IBM's market push for Linux servers

IBM has spread its Linux marketing push to its iSeries servers, a line designed for medium-sized companies running specific programs, the company plans to announce Wednesday.

IBM has spread its Linux marketing push to its iSeries servers, a line designed for medium-sized companies running specific programs, the company plans to announce Wednesday.

IBM has been backing a Linux push on all four of its server lines, though the company has been making the most noise on its xSeries Intel server line, where Linux first took root within Big Blue, and its powerful zSeries mainframe line.

IBM will push Linux for its iSeries line with a scaled-down version of the argument used for mainframes: Several copies of Linux can run on a single iSeries server, letting customers consolidate jobs currently running on several computers.

IBM announced in May that its iSeries servers had the ability to run as many as 31 versions of Linux, each on a separate partition. Mainframes, by contrast, can run hundreds of these Linux "virtual machines".

Linux software for the iSeries currently is in beta testing from Linux sellers SuSE and TurboLinux, an IBM representative said. Red Hat, the leading Linux seller, has said it plans to support all of IBM's server lines.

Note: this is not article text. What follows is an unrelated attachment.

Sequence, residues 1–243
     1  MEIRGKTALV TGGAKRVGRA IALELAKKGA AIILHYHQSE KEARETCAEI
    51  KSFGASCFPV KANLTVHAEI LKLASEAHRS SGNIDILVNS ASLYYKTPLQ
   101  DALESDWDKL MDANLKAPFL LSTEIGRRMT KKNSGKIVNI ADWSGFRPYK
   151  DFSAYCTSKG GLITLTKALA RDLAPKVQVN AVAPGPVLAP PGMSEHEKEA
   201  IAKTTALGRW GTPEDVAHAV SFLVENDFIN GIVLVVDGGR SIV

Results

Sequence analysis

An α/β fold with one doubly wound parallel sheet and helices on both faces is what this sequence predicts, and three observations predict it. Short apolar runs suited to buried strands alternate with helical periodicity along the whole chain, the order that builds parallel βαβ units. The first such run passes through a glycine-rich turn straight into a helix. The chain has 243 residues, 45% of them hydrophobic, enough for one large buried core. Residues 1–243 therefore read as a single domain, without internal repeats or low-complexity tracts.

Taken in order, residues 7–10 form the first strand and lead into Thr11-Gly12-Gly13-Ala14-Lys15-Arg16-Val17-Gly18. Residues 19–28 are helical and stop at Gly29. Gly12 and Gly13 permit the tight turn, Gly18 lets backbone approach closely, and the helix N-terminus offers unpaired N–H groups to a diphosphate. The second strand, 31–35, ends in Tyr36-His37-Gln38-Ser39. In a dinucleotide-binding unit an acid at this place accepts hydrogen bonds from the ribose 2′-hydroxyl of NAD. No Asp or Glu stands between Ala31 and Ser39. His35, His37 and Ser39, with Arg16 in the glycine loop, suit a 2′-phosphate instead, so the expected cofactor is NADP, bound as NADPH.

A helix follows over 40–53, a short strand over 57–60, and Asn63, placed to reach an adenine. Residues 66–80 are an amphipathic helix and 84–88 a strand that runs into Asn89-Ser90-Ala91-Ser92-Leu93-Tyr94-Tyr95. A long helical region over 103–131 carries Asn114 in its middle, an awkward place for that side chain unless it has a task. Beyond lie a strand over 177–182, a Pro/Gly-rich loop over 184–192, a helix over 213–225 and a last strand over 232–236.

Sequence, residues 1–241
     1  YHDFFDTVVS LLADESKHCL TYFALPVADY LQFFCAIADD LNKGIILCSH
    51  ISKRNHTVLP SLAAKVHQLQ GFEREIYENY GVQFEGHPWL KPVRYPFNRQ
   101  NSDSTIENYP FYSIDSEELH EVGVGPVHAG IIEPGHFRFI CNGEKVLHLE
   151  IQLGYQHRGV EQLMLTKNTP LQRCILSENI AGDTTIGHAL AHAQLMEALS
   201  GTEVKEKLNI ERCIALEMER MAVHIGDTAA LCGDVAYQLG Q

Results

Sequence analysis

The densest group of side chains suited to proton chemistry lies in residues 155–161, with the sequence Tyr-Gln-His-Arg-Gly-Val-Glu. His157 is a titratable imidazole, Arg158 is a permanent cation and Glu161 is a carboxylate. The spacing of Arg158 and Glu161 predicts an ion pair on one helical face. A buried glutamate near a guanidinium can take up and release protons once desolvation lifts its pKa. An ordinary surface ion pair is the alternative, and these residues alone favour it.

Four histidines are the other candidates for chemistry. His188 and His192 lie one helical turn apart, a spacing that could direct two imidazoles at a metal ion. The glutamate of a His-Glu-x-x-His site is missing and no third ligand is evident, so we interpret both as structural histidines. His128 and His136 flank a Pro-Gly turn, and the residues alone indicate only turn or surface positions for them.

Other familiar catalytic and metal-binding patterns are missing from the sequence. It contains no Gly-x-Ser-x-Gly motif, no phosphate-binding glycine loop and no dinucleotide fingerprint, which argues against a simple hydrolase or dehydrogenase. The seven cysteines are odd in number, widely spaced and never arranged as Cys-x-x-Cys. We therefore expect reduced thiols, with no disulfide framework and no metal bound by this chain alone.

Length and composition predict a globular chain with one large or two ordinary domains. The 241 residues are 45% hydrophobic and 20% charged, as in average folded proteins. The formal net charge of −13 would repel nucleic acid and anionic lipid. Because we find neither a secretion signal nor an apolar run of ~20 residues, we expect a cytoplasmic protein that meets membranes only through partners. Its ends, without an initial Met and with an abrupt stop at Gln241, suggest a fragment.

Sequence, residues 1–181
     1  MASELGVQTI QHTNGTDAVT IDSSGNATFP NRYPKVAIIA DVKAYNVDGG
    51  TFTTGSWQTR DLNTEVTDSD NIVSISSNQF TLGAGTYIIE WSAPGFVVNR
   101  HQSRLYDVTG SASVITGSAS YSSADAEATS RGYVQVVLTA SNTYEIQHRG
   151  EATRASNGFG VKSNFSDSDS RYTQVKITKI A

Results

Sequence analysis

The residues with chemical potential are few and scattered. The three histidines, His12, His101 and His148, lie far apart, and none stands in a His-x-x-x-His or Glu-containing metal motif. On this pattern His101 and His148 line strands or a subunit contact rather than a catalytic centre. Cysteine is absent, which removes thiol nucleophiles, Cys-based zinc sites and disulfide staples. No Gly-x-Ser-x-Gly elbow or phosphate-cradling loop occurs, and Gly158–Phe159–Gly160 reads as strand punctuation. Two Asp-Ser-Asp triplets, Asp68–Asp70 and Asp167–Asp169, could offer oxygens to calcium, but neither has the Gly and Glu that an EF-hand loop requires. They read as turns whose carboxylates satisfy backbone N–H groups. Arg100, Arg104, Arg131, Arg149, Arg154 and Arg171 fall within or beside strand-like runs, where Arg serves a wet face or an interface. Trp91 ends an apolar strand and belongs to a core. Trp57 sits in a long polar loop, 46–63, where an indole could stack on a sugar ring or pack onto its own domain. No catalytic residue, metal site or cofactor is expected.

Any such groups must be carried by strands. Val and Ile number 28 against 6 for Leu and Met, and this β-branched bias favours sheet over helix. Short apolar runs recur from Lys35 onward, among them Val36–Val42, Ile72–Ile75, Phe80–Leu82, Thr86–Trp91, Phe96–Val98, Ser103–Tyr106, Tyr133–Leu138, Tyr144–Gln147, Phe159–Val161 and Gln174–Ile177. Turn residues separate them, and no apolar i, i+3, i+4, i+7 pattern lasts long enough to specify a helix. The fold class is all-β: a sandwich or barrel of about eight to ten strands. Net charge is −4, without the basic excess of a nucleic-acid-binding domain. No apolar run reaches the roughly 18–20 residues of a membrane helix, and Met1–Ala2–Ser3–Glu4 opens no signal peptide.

Among the two-dozen companies testing Linux on the iSeries are Insurance Management Solutions Group and Sea Island Resorts of Georgia.

The iSeries servers, formerly known as the AS/400 line, use largely the same hardware as the pSeries Unix server line but run IBM's OS/400 operating system and usually are set up in advance to run specific jobs such as maintaining e-commerce sites, managing supplies or accounting.

IBM credits Linux for helping to boost its zSeries mainframe line's prospects, with Telia, Winnebago, Banco Mercantil and Korean Airlines among about 100 customers having installed it so far.

IBM, which has pledged to spend US$1 billion developing and promoting Linux this year, sees several advantages in the operating system. For one thing, spreading Linux across its four server lines makes it somewhat easier to write higher-level software such as database programs or e-commerce programs that run on all four servers.

For another, it associates IBM with a large new programmer community that might otherwise see IBM as a stodgy old-line company. And backing Linux undermines Sun Microsystems, a direct IBM competitor, as well as Microsoft, a part-time IBM competitor.

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